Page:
Oklahoma continues to lead the nation in per-pupil education funding cuts, according to a report released Thursday.

According to the Center on Budget and Policy Priorities, when adjusted for inflation, Oklahoma’s general per-pupil funding dropped 24 percent between the 2008 and 2016 school years.

Credit: Center on Budget and Policy Priorities

The second largest cut was in Alabama, where per-pupil funding dropped 17 percent.

The report notes that four of the five states with the steepest decline in education funding also cut income tax rates. Those states are Oklahoma, Arizona, Wisconsin and Idaho.

Between 2015 and 2016 school years, per-pupil funding slipped by 1.6 percent when adjusted for inflation, according to the report. Total enrollment used in the calculation increased.

Twelve states saw per-pupil funding shrink between 2015 and 2016, with Oklahoma seeing the third largest decrease.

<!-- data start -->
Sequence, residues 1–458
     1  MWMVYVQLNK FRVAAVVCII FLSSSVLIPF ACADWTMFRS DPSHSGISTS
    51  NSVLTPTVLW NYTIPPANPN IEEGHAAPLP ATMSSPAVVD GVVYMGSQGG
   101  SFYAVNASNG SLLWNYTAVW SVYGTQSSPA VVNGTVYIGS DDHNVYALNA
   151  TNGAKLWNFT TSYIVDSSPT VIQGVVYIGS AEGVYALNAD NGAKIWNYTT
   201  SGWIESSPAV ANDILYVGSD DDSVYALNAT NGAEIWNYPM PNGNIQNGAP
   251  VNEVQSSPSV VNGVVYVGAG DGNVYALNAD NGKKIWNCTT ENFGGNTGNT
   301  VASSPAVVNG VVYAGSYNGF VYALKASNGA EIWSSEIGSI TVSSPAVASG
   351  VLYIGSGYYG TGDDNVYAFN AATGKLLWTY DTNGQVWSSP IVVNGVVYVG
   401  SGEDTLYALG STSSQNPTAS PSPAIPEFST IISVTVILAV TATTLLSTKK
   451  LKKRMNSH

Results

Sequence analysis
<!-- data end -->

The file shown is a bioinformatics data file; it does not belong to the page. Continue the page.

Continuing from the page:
Oklahoma’s decrease comes despite the state budget keeping overall K-12 funding flat in raw dollars.

Oklahoma’s overall state funding is down 15 percent from 2008 to 2016, according to the report. That is the sixth largest decrease behind Arizona, Alabama, Idaho, Georgia and Mississippi.

Part of the reason for the decrease in many states, according to the report, is that lawmakers relied on funding cuts to get through the worst of the recession. While many states are now putting more money back into education, they’ve yet to reach pre-recession funding levels.

The loss in state aid was also compounded by a decrease in federal aid.

Things are not expected to get better financially for education in Oklahoma during the next year.

The state faces a budget shortfall that could range from $600 million to $1 billion heading into the 2017 fiscal year. A proposed petition for a penny sales-tax hike for education, allowing teachers to get a $5,000 pay raise and pumping funds into career tech and higher education, faces a court hearing.

If the petition survives the hearing, which is focused on the constitutionality of the measure, it still needs to garner enough signatures to appear on the 2017 ballot and then get approval from voters.

The penny sales tax would not take effect until 2018 at the earliest.

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